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Krste Asanovic Electrical Engineering and Computer Sciences

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1 CS 152 Computer Architecture and Engineering Lecture 9 - Virtual Memory
Krste Asanovic Electrical Engineering and Computer Sciences University of California at Berkeley CS252 S05

2 Last time in Lecture 9 Protection and translation required for multiprogramming Base and bounds was early simple scheme Page-based translation and protection avoids need for memory compaction, easy allocation by OS But need to indirect in large page table on every access Address spaces accessed sparsely Can use multi-level page table to hold translation/protection information, but implies multiple memory accesses per reference Address space access with locality Can use “translation lookaside buffer” (TLB) to cache address translations (sometimes known as address translation cache) Still have to walk page tables on TLB miss, can be hardware or software talk Virtual memory uses DRAM as a “cache” of disk memory, allows very cheap main memory CS252 S05

3 Memory Management Can separate into orthogonal functions:
Translation (mapping of virtual address to physical address) Protection (permission to access word in memory) Virtual memory (transparent extension of memory space using slower disk or flash storage) But most modern systems provide support for all the above functions with a single page-based system CS252 S05

4 Modern Virtual Memory Systems Illusion of a large, private, uniform store
OS Protection & Privacy several users, each with their private address space and one or more shared address spaces page table  name space Demand Paging Provides the ability to run programs larger than the primary memory Hides differences in machine configurations The price is address translation on each memory reference useri Secondary Storage Primary Memory Portability on machines with different memory configurations. mapping VA PA TLB CS252 S05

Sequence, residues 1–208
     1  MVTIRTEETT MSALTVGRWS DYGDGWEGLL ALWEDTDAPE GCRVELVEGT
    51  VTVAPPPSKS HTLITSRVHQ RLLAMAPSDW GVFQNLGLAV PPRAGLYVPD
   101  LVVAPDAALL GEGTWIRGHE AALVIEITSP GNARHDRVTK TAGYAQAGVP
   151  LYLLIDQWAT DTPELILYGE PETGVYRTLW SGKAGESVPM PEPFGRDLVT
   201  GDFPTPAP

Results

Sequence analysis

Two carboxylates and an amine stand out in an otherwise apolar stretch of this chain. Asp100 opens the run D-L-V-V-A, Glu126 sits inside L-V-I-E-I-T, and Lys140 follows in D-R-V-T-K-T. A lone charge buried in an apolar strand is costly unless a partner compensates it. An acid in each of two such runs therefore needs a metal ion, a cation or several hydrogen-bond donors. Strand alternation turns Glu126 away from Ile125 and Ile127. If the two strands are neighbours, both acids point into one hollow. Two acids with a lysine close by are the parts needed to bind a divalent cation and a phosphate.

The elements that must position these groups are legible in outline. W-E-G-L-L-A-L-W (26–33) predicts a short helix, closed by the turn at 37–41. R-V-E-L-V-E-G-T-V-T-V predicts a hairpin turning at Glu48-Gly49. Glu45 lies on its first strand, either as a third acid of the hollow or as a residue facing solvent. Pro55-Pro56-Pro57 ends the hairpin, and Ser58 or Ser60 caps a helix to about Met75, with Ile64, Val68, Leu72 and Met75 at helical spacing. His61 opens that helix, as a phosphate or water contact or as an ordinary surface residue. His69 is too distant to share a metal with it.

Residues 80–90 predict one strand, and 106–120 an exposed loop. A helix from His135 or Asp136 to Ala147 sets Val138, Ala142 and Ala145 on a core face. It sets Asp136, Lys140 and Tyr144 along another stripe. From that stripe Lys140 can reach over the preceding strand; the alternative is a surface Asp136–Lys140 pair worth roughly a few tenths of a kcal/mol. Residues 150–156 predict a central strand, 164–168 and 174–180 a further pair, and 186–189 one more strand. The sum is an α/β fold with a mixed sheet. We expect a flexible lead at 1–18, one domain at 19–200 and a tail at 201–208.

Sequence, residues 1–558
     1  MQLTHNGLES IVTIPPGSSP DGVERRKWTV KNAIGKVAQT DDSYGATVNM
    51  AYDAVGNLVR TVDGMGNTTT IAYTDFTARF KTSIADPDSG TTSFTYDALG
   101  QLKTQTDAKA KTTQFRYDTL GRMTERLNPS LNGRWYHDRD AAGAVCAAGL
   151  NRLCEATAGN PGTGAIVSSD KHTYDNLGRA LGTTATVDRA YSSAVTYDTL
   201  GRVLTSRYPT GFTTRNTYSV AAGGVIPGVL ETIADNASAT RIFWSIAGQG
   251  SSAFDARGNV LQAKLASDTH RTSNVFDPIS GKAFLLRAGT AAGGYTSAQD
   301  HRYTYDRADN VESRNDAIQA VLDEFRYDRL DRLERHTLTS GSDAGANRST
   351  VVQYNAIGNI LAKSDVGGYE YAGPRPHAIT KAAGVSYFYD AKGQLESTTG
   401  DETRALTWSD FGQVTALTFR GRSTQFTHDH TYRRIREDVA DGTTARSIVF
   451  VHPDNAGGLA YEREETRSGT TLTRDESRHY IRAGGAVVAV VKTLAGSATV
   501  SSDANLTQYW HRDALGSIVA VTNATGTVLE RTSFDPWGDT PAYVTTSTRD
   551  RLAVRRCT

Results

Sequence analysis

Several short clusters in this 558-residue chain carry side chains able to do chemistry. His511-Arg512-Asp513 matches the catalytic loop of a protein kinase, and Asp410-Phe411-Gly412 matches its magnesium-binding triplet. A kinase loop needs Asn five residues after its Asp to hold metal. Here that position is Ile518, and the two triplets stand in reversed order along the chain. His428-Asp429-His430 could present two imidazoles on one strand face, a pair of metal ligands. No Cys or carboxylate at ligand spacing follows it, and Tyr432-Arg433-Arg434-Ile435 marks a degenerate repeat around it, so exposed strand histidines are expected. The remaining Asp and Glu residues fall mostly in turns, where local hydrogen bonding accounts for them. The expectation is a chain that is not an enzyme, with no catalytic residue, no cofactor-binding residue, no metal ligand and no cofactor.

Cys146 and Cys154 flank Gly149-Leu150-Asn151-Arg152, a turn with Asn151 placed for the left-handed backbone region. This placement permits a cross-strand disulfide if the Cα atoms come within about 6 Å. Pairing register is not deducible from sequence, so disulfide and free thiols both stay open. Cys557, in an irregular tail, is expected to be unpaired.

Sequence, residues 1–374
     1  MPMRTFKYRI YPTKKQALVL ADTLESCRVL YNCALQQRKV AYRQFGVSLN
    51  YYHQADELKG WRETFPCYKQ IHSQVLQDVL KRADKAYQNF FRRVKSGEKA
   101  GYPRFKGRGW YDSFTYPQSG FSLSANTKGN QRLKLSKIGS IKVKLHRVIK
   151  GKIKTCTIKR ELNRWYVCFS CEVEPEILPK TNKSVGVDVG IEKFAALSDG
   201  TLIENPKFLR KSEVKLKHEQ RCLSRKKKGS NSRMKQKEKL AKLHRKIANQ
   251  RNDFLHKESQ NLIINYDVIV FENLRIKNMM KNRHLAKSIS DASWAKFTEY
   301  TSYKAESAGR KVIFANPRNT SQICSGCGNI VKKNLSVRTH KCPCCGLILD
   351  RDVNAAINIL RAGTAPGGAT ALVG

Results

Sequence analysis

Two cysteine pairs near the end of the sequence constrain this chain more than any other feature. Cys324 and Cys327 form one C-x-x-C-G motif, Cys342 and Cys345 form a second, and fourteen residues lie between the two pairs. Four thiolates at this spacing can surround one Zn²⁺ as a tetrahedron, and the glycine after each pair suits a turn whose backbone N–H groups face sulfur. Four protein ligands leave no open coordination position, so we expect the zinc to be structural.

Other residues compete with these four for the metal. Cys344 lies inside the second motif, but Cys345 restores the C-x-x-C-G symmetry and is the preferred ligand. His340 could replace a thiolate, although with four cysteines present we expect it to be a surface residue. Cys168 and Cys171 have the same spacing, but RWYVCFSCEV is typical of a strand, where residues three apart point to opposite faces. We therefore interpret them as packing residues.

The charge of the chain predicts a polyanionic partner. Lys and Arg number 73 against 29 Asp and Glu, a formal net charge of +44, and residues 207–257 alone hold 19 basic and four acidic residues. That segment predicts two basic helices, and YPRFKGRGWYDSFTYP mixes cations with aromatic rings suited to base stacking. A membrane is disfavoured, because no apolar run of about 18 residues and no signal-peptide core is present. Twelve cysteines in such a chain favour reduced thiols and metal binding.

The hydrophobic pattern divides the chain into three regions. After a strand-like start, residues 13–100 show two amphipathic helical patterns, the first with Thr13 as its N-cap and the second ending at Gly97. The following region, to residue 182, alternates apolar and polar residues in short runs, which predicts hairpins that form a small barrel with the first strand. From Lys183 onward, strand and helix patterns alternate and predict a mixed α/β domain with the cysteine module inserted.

5 Hierarchical Page Table
Virtual Address 31 22 21 12 11 p p offset 10-bit L1 index 10-bit L2 index offset p2 Physical Memory p1 Root of Current Page Table Level 1 Page Table (Processor Register) Level 2 Page Tables page in primary memory page in secondary memory PTE of a nonexistent page Data Pages CS252 S05

6 Page-Based Virtual-Memory Machine (Hardware Page-Table Walk)
Page Fault? Protection violation? Page Fault? Protection violation? Virtual Address Virtual Address Physical Address Physical Address PC D E M W Inst. TLB Decode Data TLB Inst. Cache Data Cache + Miss? Miss? Page-Table Base Register Hardware Page Table Walker Physical Address Physical Address Memory Controller Physical Address Main Memory (DRAM) Assumes page tables held in untranslated physical memory CS252 S05

7 Address Translation: putting it all together
Virtual Address hardware hardware or software software TLB Lookup miss hit Page Table Walk Protection Check the page is Ï memory Î memory denied permitted Need to restart instruction. Soft and hard page faults. Page Fault (OS loads page) Protection Fault Update TLB Physical Address (to cache) Where? SEGFAULT CS252 S05